“High customer retention but success in a truly SaaS based subscription based model where customers have the flexibility and the vendor has to do a great job delivering value every day. Otherwise you do not maintain position your position in the marketplace. There is a chance to build a stand alone company that can stand the test of time.”
The biggest challenge?
The third is around organizational maturity. The board, Thoma Bravo and Murphy clearly felt that like many other fast growth companies its growth outstripped the capability of the organization to deliver it. Murphy said: “The company is growing very quickly and this transition from venture growth to building a professional company out is something. Qlik and Bluecoat had the benefit of being a public company before so they were further along in those areas.”
Murphy called out Raj Verma, COO at Apttus as the kind of leader he wants in the organisation. Verma worked Tibco and other companies where he built and managed the size of operation that Murphy is looking to replicate. He also revealed that Apttus would officially announce the appointment of Gregg Hampton as CFO next week. While Hampton’s LinkedIn profile is not updated he does appear on the Apttus Leadership page. Murphy has known Hampton for several years. Murphy wants a very experienced operational and financial management in control. He still has to locate and hire the new CEO.
It is not just the senior leadership that needed changes. As reflected in recent Glassdoor reviews the problems go deeper. When challenged about this Murphy replied:
“Across the company there is opportunity and important work to be done to bolster the existing team. Whether that is more training, more enablement or more front line management development. All the things you have to do to create the ability to create a healthy culture and a healthy relationship between people and their managers.”
Apttus is built on strong principles and Murphy spoke about clarifying and adding values to help the company regain and then retain its focus in the future. Fixing the organisational and management issues is easier than any cultural one. Murphy understands the importance of both.
A glimpse to future strategy
It is early days yet for Murphy, but I asked him about the strategic partnerships that Apttus has, specifically with Microsoft. The inference from his response is that while Salesforce has 200,000 customers and Apttus has a good reputation in that space, the Microsoft partnership is still at a less mature stage. Murphy commented: “The Microsoft partnership is critical, it is already well under way and scaling up.”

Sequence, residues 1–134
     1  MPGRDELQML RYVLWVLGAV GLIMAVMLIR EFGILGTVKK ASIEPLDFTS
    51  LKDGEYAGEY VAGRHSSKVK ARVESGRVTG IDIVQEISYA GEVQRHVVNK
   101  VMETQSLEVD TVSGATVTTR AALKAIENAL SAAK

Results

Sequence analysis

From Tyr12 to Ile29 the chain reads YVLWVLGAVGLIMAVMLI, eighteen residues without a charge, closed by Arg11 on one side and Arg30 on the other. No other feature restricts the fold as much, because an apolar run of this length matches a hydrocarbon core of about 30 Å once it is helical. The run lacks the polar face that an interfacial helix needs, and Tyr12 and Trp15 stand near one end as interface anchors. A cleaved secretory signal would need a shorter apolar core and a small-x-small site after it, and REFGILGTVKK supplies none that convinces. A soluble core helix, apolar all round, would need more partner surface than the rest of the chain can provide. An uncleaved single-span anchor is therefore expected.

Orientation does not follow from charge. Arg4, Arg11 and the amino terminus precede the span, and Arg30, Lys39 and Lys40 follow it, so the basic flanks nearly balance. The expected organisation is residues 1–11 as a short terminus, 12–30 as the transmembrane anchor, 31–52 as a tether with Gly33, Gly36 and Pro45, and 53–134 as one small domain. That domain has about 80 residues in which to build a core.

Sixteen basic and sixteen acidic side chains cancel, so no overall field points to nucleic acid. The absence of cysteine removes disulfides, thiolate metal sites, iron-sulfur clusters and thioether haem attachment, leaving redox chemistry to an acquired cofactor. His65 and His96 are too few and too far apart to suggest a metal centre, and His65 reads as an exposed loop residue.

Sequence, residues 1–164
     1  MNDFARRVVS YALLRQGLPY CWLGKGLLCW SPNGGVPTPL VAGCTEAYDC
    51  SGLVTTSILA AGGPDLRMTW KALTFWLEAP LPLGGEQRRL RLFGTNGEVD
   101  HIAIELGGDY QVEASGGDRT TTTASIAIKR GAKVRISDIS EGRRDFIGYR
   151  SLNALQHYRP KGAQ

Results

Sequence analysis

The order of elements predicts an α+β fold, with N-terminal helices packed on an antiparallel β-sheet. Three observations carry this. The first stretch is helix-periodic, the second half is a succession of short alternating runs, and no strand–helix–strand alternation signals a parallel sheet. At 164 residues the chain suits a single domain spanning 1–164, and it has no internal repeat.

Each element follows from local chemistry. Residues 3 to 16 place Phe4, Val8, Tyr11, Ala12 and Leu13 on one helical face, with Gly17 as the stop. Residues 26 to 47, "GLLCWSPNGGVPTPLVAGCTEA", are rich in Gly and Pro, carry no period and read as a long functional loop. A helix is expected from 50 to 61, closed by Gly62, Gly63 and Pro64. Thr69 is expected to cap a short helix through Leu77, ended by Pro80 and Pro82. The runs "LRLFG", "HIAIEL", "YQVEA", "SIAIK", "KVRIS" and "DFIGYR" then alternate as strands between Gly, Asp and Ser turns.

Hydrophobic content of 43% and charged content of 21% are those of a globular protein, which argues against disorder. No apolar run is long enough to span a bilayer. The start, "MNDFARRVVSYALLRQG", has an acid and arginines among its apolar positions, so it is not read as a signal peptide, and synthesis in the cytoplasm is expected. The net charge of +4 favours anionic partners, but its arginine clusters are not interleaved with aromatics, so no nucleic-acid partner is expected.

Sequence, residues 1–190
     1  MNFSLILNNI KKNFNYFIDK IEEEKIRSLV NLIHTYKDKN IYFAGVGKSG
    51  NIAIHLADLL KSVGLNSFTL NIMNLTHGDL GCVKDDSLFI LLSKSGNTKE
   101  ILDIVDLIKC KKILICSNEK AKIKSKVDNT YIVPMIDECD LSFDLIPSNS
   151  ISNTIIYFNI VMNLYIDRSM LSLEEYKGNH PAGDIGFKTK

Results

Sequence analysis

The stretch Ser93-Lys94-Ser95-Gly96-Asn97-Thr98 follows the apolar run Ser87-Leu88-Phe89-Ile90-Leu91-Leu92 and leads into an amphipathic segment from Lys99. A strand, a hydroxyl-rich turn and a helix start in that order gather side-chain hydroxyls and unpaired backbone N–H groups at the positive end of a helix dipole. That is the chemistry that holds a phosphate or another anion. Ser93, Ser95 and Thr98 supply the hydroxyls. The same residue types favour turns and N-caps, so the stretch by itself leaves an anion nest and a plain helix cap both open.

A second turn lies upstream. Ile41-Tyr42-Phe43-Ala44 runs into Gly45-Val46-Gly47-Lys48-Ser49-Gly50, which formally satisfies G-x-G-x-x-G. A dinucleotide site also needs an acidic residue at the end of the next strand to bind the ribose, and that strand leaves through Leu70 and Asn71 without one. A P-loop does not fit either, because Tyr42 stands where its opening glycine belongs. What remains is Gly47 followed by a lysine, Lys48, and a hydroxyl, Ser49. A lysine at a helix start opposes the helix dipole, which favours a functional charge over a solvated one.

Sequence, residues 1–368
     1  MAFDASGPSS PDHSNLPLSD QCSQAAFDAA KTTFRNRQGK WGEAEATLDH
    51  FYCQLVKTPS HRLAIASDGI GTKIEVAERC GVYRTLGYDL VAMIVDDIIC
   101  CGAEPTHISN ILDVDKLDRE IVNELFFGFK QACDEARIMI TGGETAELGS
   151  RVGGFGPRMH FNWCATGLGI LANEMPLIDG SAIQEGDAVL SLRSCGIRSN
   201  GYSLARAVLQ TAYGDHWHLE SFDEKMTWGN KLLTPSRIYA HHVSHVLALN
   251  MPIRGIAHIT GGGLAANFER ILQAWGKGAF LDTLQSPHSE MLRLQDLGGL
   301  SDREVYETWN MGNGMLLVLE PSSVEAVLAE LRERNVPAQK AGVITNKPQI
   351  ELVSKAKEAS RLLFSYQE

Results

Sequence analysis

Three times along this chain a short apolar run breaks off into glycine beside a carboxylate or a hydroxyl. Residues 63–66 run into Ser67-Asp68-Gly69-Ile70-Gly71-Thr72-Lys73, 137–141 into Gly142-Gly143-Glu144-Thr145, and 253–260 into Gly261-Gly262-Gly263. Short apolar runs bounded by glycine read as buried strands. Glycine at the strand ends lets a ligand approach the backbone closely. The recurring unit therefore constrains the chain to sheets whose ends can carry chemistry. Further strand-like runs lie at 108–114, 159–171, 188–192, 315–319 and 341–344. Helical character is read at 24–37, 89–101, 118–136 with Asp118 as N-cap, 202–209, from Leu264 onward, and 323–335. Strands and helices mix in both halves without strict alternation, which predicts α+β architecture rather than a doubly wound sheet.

Interestingly he then added “…over time you will see one or two more like that, our customers driving choices that we want to be participants in.”
The inference here is that Apttus might extend its partnership to other CRM vendors. One wonders whether they are considering SAP, who are eager to dominate the space at the moment. (Though a long way from doing so).
What does this mean?
Apttus has some market leading technology in what it terms the ‘middle office’ space. It has strong solutions including: Quote-to-Cash, Contract Lifecycle Management and Digital Commerce. Earlier this year it added Omni to its solution stack. The previous year it showcased Max its AI driven digital assistant. Each year it delivers a significant innovation within its product range to maintain its technological lead on rivals.
Neehar Giri, co-founder and chief solutions architect commented in the press release: “Partnering with Thoma Bravo gives Apttus a tremendous advantage. Their expertise and experience investing in high-quality and high-growth enterprise software companies will help Apttus continue innovating for customers, leading the market and growing our business at scale.”
Murphy and Thoma Bravo will now focus the company on growth, sustainable growth. In probably the only comment that raised a criticism about the previous direction Murphy commented: “Doing an IPO is not a culture. Going public is not a culture, it is not a way you build in a company that is sustainable over a longer period of time.”
Another CEO, Tod Nielsen at FinancialForce once said: “In our evolution IPO is certainly something that’s out there and that’s a milestone.” CEO’s be warned, an IPO is just a step on a journey and not a destination. It seems that Apttus might have forgotten that. Now they are looking forward to a brighter future with a wiser mindset.